If I take five second of time, and think back to the first time I felt a desire to create something, I only go back twelve years.
Approximately twelve years ago, maybe closer to eleven, I was a junior in high school. I was in “honors english” and loved to read and write, which holds true today. That five seconds of thinking takes me back to a night that I couldn’t sleep. I had an idea. A story. And nothing I did to try to sleep was working. I had to write, otherwise I wouldn’t get any sleep before my alarm went off the next morning.
I had a desk in my bedroom, located at the foot of my bed sometimes, or somewhere else, in a different arrangement of the furniture, at other times. That night I rolled out of bed, shuffled over to my desk, turned on my desk light, pulled out a spiral bound notebook and a pen, and began to write. I’m not sure how long I stayed up writing that night, but I wrote what I had to write, closed the notebook, turned off the light, and laid back down in bed to sleep, which came quickly.
The next morning I remember waking up with a foggy memory of the previous night. After getting out of bed I went over to the desk and flipped open the notebook, reading the first few lines of what I wrote. It wasn’t that bad, actually. Not for writing it on a whim.
That week I would spend time at school and after school cleaning up the story. Adding details, removing details, and going through what I thought was an extensive editing process. Once I had it cleaned up I came up with a title, Freedom Shot, and a subtitle of One Shot. One Man. One Country’s Freedom.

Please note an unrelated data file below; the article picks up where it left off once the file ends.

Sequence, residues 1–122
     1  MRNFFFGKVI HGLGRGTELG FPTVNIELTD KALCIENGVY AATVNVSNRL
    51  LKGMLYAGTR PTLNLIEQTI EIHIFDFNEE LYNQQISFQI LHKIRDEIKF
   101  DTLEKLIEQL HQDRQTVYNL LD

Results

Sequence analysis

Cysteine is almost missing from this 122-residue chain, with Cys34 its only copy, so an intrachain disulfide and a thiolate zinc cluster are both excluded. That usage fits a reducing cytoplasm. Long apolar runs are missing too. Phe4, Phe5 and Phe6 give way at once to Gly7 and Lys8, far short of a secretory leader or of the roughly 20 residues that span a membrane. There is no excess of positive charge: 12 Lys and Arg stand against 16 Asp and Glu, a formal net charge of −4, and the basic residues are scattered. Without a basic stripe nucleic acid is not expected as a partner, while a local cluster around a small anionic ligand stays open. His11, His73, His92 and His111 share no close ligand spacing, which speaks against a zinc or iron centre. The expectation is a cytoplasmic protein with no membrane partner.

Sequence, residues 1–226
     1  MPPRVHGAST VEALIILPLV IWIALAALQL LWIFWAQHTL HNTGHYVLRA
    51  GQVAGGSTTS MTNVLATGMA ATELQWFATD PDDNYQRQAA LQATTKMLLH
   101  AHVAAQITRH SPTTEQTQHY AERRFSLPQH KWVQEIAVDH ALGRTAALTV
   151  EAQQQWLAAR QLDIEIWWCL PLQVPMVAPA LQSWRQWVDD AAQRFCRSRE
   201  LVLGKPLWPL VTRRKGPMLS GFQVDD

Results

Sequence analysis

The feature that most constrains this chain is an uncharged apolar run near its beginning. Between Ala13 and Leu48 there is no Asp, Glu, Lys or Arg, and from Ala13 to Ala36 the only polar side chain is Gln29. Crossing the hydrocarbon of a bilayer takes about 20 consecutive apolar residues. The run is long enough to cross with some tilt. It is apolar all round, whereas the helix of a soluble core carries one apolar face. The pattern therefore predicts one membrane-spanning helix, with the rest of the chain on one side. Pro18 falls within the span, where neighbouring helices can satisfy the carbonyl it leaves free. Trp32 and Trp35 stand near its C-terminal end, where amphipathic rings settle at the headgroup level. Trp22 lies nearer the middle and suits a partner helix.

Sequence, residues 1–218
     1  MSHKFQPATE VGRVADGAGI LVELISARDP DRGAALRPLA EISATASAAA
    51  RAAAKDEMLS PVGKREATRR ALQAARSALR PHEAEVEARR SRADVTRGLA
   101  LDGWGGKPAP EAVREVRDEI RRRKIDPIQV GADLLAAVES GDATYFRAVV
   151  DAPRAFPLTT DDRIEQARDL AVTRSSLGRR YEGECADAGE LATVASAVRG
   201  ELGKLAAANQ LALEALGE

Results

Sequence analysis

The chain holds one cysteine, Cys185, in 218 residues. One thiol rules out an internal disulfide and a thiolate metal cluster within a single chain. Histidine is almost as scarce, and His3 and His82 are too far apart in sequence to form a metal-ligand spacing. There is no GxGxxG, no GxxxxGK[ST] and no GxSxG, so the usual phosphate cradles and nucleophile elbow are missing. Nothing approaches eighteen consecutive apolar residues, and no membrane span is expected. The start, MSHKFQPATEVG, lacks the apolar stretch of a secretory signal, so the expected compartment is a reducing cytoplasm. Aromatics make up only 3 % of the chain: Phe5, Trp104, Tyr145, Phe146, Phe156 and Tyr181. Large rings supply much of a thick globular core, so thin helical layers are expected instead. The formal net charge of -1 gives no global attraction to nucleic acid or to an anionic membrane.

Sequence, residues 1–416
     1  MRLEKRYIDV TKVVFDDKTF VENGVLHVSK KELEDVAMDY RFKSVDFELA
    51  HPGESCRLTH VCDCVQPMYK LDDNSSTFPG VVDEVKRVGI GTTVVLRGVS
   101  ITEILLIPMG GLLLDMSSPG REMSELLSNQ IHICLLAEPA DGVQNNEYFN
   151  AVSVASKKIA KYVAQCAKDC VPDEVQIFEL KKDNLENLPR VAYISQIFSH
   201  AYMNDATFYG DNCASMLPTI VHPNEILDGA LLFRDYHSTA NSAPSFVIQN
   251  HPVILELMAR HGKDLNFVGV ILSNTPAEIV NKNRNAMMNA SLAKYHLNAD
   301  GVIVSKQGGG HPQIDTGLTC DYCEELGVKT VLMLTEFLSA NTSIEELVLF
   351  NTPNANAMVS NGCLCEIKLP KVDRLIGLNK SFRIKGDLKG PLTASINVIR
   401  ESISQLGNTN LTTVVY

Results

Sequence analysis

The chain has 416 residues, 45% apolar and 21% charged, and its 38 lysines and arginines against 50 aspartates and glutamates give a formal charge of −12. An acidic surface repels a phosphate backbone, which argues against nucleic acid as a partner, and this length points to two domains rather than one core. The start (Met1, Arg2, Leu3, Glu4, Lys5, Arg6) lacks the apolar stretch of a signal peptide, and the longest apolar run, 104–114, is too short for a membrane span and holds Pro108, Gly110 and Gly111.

My english teacher, Mrs. Neis, loved it. She would always cheer my fiction writing, and criticize my analysis of Shakespeare. I turned the finished product in for extra credit (103% applied as two test grades) and for her red pen. This is the one and only copy I still have. The soft copy might be on an old hard-drive somewhere, but finding the hard drive may be difficult.
This is a time that I remember having an urge to create something. An urge that I could not quiet until acted upon.
The story I wrote did not stop there. In the same manilla office folder is another story called Freedom Shot. It has the same subtitle, but instead of saying “A Short Story” it says “A John Gloove Adventure.” Apparently I wasn’t finished with the story. This too was turned in and graded. And also marked up with Mrs. Neis’ red pen.
Maybe Freedom Shot and John Gloove is an adventure that will be revisited. Maybe not. The point is that something was created. And that’s all that really matters.